Smoking leads to many health problems, one of which is smoker’s leg. Medications can be used to treat a smoker’s leg. Surgery can also help if other treatments fail, but the only way to prevent it is to quit smoking.
Now, we know that’s easier said than done, but, hopefully, hearing about the symptoms of this often debilitating ailment here today will help to inspire you to stub out for good!
We will discuss in this article the causes and symptoms of smoker’s leg. This article also looks at the treatment and prevention of this condition, with the aim of giving you a better understanding of smoker’s leg as a whole.
Interesting Information About The Smoker’s Leg
Smoker’s leg is the common term for the medical condition, PAD (Peripheral Arterial Disease).
While PAD isn’t associated with smoking exclusively, people who smoke are far more likely to get PAD than those who do not smoke. Quitting smoking dramatically lowers your risk of developing smoker’s leg.
About 8 million Americans have PADS. Most people with PAD have other risk factors such as drinking dependencies, high cholesterol levels, diabetes, obesity, and hypertension.
Some people with PAD also have coronary heart disease. This condition affects blood flow to the legs and feet. Smoking cessation appears to reduce the risk of PAD.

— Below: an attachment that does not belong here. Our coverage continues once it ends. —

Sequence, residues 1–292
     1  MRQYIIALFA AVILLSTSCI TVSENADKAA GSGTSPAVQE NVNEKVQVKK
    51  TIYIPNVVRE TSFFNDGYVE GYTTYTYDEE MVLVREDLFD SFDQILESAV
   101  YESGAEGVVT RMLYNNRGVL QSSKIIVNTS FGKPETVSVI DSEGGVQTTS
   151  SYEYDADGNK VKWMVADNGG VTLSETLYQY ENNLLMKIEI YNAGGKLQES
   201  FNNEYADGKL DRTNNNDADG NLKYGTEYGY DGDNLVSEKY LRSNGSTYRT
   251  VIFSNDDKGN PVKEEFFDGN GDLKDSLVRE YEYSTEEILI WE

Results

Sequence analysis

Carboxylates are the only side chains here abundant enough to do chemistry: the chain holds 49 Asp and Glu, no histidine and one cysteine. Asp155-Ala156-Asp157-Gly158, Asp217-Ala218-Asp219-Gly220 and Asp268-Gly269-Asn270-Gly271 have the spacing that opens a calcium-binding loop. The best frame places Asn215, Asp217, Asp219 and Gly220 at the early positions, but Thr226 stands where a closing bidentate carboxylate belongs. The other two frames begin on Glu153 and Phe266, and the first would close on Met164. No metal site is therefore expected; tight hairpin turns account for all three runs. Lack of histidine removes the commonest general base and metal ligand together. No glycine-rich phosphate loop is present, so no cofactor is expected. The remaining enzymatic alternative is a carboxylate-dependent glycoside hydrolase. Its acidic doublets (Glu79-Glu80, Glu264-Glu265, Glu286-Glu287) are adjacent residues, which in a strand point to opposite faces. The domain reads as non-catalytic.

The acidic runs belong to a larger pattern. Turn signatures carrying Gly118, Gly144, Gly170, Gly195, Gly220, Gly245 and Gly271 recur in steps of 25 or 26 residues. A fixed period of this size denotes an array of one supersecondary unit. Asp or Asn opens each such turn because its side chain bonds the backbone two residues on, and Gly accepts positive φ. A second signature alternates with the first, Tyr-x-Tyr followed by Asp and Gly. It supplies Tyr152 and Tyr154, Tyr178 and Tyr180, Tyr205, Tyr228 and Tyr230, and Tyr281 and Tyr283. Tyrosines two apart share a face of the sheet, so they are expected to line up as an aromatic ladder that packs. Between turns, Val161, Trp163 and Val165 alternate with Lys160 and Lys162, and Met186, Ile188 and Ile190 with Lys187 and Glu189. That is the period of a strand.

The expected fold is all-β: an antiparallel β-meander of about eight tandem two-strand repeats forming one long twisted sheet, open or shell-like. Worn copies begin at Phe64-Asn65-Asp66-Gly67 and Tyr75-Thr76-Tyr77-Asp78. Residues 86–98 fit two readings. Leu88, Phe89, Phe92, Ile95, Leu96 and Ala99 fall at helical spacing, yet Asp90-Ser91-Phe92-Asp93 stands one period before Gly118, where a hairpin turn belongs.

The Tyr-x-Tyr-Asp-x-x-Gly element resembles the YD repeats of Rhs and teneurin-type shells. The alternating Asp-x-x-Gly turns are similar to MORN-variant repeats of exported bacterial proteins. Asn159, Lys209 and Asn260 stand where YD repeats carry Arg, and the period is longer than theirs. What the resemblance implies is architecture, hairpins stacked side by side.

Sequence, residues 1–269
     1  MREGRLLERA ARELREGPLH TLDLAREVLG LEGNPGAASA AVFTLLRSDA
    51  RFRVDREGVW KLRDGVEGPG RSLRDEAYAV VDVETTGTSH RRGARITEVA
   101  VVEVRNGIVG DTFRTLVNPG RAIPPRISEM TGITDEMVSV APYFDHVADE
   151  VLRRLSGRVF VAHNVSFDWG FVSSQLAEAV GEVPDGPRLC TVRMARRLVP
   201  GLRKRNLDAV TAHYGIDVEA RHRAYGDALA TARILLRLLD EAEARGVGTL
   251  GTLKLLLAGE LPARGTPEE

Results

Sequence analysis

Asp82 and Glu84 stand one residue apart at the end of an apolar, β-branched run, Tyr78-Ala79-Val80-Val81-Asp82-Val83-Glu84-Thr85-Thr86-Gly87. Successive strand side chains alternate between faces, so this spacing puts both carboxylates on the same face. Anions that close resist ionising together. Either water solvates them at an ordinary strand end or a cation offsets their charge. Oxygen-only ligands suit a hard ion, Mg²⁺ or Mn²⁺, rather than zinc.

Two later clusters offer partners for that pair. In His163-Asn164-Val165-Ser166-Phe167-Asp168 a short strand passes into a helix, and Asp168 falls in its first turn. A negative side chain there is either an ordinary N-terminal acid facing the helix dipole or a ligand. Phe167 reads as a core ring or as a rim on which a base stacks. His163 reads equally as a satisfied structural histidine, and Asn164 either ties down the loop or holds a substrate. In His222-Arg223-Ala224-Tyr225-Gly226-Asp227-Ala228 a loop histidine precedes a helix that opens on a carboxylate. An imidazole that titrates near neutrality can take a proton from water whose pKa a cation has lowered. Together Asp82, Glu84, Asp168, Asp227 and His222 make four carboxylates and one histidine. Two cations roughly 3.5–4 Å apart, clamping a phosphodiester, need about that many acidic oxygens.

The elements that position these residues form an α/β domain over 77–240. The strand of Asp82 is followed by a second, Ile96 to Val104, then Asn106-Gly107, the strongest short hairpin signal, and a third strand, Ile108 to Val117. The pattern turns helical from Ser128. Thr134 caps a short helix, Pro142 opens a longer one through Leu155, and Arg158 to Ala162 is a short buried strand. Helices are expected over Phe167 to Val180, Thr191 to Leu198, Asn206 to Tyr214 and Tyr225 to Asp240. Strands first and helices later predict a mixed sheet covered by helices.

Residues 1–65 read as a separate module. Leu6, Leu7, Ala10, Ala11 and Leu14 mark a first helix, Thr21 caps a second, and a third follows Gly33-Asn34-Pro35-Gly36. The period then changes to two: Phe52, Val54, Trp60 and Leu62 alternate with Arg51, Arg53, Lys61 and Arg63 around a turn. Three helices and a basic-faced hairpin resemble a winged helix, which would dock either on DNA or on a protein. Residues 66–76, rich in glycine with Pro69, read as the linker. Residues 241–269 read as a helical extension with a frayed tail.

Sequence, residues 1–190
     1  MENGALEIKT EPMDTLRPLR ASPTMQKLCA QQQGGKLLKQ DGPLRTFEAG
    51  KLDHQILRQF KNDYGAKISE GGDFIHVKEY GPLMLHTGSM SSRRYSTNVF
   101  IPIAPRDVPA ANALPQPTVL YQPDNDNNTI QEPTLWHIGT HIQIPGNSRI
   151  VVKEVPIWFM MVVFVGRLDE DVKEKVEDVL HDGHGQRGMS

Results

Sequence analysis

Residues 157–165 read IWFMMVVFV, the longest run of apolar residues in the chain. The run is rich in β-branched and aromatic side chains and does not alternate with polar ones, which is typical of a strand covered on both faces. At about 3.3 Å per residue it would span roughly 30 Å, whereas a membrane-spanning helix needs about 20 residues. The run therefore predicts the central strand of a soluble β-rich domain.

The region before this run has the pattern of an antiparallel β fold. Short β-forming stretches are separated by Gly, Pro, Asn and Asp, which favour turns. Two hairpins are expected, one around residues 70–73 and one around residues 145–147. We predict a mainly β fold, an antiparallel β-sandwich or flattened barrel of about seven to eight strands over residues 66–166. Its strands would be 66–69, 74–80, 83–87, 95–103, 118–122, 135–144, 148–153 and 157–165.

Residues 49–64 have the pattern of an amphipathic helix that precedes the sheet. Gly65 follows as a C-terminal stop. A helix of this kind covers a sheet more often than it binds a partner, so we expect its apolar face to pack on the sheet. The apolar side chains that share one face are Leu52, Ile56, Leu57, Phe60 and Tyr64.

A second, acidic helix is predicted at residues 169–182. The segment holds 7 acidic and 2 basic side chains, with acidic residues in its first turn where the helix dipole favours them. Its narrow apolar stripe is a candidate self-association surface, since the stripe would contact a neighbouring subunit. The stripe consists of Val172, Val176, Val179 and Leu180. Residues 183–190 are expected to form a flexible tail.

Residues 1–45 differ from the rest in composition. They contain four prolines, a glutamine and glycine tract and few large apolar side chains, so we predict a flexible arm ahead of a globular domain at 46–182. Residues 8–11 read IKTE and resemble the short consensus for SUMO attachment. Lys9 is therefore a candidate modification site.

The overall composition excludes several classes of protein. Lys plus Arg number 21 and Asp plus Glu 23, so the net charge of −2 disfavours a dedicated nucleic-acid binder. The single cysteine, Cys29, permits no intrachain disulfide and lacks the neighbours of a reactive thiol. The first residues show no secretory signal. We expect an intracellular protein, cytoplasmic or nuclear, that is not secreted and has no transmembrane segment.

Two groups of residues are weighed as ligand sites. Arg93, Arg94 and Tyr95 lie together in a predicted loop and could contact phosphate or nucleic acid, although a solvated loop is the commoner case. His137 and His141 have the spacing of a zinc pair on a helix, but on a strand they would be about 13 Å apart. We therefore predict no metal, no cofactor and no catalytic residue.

Former smokers have a 3 times increased risk of PAD compared to lifetime non-smokers, which sounds scary, but you’re never too far gone. Stop today, and you’ll be giving yourself the best possible chance of avoiding PAD.
You may never be on even keel with those who have never smoked, but quitting will absolutely help reduce the risk of smoker’s leg. Just take a look at these statistics:
- Smoking less than 15 cigs/day increases your risk by 9x.
- Smoking more than 15 cigs/d increases your risk by 17x.
So, as you can see, not smoking at all, no matter how much you have done in the past, reduces PAD risk dramatically.
There are many reasons why people smoke. Some people start when they’re young and then quit later. Others start out quitting but go back to it.
Sometimes people smoke because they want to relax after work or before bedtime. People who smoke may be trying to control weight or manage stress.
And sometimes people smoke to make themselves feel better about being overweight or having high cholesterol.
But whatever your reasons for smoking, they’re never good enough to put yourself and those around you in danger.
Doctors should be careful to look for the signs and symptoms of PADs in patients who smoke. Smoking leads to PADS, in part, by causing chronic inflammation in the blood vessel walls.
Patients suffering from PADS often experience leg pain during exercise, leg sores that do not heal, feelings of cold or numbness, and hair loss or slow hair growth on the legs and feet.
Once PADS is diagnosed, people often benefit from lifestyle changes to improve their overall cardiovascular health, including eating a healthy diet and exercising regularly. Aspirin or other medication may also be used to help prevent blood clots.